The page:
A letter to a Delaware court overseeing a dispute between potential merger mates Forward Air and Omni Logistics says Forward and its CEO, Tom Schmitt, “wrongfully withheld” requested documents from board meetings discussing the transaction.

“In short, it is not credible that after two custodial interviews, a motion to compel, and a partial production of calendar entries in response to that motion, Mr. Schmitt was under any misimpression that his cache of highly relevant notes was not required to be collected for counsel’s review and produced,” a Dec. 20 letter from Omni’s counsel to the Delaware Court of Chancery stated.

It said the documents were provided just hours after Schmitt submitted a court-ordered “note taking and destroying practices” affidavit and that some items continued to be destroyed after he was instructed not to.

“We also do not accept Mr. Schmitt’s claims about the daily destruction of his daily calendar entries, which, by his own admission, continued after he received a litigation hold notice,” the letter said. “That daily destruction of documents continued through a critical period in which Mr. Schmitt participated in regular board meetings and discussions about the transaction and plans to avoid the transaction.”

All told, more than 1,300 pages of Schmitt’s handwritten notes and other items pertaining to the merger have been handed over to Omni.

Forward (NASDAQ: FWRD) announced in August plans to merge with freight forwarder Omni in a deal initially valuing the company at $3.2 billion. The boards of both companies approved the transaction, but some of Forward’s shareholders were rankled as the deal structure didn’t require their approval ahead of closing.

A group of shareholders is attempting to block the deal, claiming damages and saying their rights as stockholders were breached when they weren’t permitted a vote.

Other shareholders have openly criticized the debt-and-equity transaction, claiming the price tag is too high — roughly 18 times trailing adjusted earnings before interest, taxes, depreciation and amortization excluding deal synergies. The deal would be 38% dilutive to existing shareholders, and Forward would be required to take on $1.4 billion of Omni’s debt, pushing leverage to roughly 4 times adjusted EBITDA at closing.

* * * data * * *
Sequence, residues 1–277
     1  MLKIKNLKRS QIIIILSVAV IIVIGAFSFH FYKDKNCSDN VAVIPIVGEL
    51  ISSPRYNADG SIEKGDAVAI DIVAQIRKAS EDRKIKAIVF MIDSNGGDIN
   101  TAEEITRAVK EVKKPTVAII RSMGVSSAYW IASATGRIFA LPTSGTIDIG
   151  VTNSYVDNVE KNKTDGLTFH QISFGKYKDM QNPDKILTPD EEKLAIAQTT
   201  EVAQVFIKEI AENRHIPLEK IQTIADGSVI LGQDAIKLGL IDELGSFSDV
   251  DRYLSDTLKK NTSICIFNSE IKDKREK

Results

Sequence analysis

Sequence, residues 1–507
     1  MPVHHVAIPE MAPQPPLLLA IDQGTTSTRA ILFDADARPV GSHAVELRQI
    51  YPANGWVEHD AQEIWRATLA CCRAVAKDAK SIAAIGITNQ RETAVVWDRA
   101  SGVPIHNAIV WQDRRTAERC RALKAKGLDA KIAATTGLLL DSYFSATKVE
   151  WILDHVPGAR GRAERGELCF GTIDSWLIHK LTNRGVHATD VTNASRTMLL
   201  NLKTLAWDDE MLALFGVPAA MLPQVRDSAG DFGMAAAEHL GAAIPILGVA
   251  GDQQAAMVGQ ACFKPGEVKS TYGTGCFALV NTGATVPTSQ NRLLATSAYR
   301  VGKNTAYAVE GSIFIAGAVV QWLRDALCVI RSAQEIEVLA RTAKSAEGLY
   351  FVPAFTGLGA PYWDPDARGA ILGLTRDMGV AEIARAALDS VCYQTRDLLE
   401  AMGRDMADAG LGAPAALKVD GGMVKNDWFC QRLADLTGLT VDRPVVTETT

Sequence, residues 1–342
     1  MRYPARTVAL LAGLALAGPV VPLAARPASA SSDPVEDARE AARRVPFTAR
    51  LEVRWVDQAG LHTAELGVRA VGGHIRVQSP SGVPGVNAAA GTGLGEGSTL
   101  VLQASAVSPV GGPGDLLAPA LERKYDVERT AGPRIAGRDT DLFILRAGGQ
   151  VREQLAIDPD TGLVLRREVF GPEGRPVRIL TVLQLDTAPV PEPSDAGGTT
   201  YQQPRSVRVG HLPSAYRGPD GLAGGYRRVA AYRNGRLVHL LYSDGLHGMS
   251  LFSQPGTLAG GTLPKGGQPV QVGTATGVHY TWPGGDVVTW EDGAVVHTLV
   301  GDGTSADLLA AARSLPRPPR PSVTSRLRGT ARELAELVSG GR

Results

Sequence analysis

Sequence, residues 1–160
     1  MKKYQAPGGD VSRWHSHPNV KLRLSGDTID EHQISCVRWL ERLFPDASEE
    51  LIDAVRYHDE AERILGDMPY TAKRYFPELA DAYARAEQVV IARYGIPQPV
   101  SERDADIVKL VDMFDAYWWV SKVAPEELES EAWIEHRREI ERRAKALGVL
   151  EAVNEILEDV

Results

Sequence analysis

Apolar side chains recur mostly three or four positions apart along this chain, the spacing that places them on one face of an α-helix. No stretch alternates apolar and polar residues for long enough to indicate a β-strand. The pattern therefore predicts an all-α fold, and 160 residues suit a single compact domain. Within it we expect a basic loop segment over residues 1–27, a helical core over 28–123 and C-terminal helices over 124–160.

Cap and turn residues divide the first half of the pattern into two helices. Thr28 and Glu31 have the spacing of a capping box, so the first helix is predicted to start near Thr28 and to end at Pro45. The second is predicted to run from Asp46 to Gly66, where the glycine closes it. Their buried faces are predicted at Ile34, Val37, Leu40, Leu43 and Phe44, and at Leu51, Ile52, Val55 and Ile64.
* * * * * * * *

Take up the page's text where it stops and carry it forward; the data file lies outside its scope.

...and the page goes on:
Forward has asked the court to let it out of the deal, claiming Omni failed to meet pre-closing conditions and that its recent financial targets were worse than expected. A recent Securities and Exchange Commission filing from Forward showed Omni’s EBITDA was slightly negative in the first nine months of 2023 compared to EBITDA of more than $100 million in the same period of 2022.

Omni has said it has met all requirements and that Forward is misusing its “no growth” projection as a way to exit the deal following backlash from investors. It has asked the court to force Forward to the closing table.

A hearing on the matter is set for Jan. 19.

“As will be shown at trial, these newly produced documents contain critical evidence relevant to the parties’ dispute, including evidence of what actually happened at Forward Air’s board meetings that is not reflected in the formal board record,” the letter read.

The deal price is currently closer to $2.6 billion given a 40% sell-off in Forward’s stock.

Forward has provided no update on the interest and fees it is incurring as part of the deal’s financing. Interest expense, after netting out interest earned in an escrow account, on $725 million of 9.5% notes issued in early October is roughly $100,000 per day. Fees to retain lender commitments for a $1.125 billion term loan facility were set to increase to nearly $310,000 per day after Nov. 23.

FreightWaves didn’t receive a response from Forward or Omni prior to this publication.

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